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Eco Kudos: Center’s Michelle Harrington Honored With Verde River Civic Award 

When towns and outlying communities in north-central Arizona wanted to pipe water from the headwaters of the Verde River, Michelle Harrington, river conservation manager with the Center for Biological Diversity, was there to stand up and speak out for the imperiled species most likely to suffer from reduced river flows, including the desert nesting bald eagle and the endangered spikedace minnow. Michelle’s dedication has earned her top plaudits from the Verde River Citizens Alliance: on December 15, she received the organization’s annual civic award for her outstanding contribution to the preservation of the Verde River. Congratulations, Michelle, and thanks for all your hard work.

Learn more about the Center’s Verde River campaign and read about the Verde River Alliance and its yearly civic award.

Maine and Delaware Petitioned to Halt Ocean Acidification

On December 13, the Center requested that the states of Maine and Delaware declare their coastal waters impaired under the Clean Water Act as a result of ocean acidification. As it absorbs ever-increasing amounts of carbon dioxide, the ocean is rapidly becoming more acidic, and worldwide, ocean acidity has increased by roughly 30 percent due to human sources of carbon dioxide. If ocean waters within the states' jurisdiction are deemed impaired, then each state will have the authority to regulate the carbon dioxide polluting their coastal waters. Under the Clean Water Act, the states must consider ocean acidification data that the Center submitted and determine whether ocean waters should be included on the list of impaired water bodies for 2008.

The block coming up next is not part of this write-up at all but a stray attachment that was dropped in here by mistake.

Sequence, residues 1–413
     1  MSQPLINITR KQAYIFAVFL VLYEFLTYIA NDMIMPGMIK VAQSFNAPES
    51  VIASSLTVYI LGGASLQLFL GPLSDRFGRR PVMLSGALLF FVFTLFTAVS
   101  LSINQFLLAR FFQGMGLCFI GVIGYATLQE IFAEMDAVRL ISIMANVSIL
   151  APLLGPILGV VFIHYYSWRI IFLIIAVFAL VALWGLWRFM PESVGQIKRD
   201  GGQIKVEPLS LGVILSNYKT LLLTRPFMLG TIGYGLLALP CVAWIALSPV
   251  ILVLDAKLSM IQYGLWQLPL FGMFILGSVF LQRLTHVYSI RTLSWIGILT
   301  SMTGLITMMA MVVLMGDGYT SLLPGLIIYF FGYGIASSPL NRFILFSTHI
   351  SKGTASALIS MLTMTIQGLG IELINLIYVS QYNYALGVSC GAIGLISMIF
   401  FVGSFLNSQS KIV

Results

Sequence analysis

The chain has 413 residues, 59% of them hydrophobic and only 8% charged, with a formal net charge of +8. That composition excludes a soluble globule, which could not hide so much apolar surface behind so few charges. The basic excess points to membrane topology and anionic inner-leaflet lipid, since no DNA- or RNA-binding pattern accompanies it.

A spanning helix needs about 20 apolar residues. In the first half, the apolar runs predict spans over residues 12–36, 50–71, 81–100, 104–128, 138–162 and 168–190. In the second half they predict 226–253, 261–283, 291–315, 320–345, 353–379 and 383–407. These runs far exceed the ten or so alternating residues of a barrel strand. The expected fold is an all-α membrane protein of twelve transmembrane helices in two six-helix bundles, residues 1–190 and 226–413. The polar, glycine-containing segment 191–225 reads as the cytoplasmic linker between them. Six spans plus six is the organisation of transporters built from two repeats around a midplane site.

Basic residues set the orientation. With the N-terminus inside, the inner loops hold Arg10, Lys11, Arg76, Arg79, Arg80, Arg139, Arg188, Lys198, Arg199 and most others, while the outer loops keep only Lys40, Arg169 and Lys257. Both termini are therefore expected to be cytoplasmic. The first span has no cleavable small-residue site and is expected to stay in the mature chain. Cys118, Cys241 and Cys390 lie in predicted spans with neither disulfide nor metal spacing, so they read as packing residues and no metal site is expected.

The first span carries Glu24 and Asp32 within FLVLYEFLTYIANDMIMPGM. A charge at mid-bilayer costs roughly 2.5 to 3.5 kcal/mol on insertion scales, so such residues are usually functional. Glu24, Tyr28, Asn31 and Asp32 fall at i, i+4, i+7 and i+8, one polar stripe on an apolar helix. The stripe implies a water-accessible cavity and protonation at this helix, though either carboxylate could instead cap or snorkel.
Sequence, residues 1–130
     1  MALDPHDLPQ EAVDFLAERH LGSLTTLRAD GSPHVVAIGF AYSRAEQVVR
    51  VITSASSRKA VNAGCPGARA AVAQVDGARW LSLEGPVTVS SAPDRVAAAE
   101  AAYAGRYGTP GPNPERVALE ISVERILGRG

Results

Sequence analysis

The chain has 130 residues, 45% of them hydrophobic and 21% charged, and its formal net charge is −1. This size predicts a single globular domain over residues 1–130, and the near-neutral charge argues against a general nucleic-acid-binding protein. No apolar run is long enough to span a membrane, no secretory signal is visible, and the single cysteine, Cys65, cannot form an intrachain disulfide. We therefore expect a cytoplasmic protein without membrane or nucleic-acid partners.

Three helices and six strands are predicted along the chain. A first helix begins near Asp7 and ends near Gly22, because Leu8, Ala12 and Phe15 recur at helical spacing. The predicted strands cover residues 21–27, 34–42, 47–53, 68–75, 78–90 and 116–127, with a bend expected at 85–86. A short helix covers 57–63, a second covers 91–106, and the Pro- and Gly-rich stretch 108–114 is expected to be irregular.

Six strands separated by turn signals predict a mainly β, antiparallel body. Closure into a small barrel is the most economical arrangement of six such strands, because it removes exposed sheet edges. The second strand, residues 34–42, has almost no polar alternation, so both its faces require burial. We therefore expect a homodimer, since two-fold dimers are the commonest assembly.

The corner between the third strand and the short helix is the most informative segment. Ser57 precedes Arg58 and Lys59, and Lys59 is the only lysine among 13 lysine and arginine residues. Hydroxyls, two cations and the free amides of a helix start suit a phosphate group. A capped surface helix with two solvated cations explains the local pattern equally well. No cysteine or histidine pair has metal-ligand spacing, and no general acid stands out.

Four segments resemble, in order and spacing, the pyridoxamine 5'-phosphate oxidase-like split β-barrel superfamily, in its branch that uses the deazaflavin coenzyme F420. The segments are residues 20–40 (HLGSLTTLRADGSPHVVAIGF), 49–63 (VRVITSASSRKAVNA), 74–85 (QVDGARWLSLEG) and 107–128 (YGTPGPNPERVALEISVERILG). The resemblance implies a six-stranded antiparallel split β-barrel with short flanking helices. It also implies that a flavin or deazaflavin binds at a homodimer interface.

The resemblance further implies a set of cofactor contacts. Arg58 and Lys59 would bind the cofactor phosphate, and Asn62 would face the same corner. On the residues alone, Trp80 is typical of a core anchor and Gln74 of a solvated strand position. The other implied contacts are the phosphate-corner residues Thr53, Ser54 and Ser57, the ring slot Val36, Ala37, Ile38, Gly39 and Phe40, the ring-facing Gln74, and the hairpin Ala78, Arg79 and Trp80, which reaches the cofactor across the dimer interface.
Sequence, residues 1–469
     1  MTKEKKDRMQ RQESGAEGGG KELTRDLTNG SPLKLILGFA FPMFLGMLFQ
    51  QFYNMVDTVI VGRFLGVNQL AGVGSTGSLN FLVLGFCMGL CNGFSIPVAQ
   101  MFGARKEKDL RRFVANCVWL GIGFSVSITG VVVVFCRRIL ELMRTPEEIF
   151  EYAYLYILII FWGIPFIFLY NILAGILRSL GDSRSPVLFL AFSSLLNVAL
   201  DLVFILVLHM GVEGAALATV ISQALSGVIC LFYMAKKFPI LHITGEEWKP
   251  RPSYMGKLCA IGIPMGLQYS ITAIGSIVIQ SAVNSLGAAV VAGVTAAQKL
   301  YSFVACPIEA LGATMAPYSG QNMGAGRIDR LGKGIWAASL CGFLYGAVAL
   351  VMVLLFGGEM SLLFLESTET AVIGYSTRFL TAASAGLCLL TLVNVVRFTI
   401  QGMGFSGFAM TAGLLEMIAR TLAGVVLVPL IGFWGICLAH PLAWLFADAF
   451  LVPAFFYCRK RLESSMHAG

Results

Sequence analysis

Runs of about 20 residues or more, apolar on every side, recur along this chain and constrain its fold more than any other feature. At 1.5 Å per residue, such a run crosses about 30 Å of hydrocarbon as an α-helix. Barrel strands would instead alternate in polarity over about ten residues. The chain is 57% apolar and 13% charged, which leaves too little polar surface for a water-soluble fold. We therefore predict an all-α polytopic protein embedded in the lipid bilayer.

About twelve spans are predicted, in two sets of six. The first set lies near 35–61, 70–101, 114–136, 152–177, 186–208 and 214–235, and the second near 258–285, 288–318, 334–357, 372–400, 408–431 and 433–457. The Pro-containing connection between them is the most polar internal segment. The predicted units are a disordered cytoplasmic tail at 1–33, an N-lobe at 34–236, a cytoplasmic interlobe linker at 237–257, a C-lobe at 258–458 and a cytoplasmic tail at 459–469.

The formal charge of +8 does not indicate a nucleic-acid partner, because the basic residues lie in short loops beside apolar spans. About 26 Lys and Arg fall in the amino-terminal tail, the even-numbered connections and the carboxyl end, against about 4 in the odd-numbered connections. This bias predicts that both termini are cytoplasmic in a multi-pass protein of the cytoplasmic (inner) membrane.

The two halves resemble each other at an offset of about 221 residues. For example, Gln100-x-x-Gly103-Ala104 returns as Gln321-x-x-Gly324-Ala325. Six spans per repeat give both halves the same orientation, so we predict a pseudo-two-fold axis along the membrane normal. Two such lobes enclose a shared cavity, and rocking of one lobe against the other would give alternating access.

"Ocean acidification is quietly altering the fundamental chemistry of the world's oceans," said Miyo Sakashita, staff attorney with the Center. "We must act now to prevent global warming's evil twin, ocean acidification, from destroying our ocean ecosystems." You can read more about the acidification process and how it's affecting our oceans in Common Dreams.

Center for Biological Diversity Granted Amicus Status in Fight to Protect Endangered Wolves

On December 4, a U.S. district court granted the Center “friend of the court” status in a case seeking to retain protection for gray wolves under the Endangered Species Act. The lawsuit challenges the Bush administration’s most recent attempt to weaken and remove protection for the wolf.

“The gray wolf is gone from 95 percent of its range in the lower 48 states,” said Amy Atwood, staff attorney with the Center. “Although wolf numbers have increased in a few states, it is too soon to abandon their recovery in the many states that have habitat where wolves could thrive once again.”

Rather than retaining Endangered Species Act protections, the Service has simultaneously created and delisted a “distinct population segment” of gray wolf that resides in the western Great Lakes region. The agency has similarly proposed to draw a circle around wolves in the northern Rockies and remove their protection. Such actions on behalf of the Service effectively abandon all protections for the species and undermine wolf recovery throughout the majority of its range in the contiguous United States.

High Expectations: Conservation Groups Urge Environmental Protection Agency to Reduce Greenhouse Gas Pollution From Aircraft

On December 5, the Center, a gaggle of other green groups, and states and municipalities including California, Connecticut, and the city of New York petitioned the Environmental Protection Agency to address the effects of vast amounts of greenhouse gasses spewed into the atmosphere by the world’s aircraft. Air traffic currently accounts for 12 percent of the United State’s transportation-related carbon dioxide emissions, and the United States is responsible for nearly half of all aircraft carbon dioxide emissions worldwide.

These petitions are the first step in a process requiring the agency to evaluate current impacts of aircraft emissions, seek public comment, and either develop rules to reduce  emissions or explain why the agency won't act.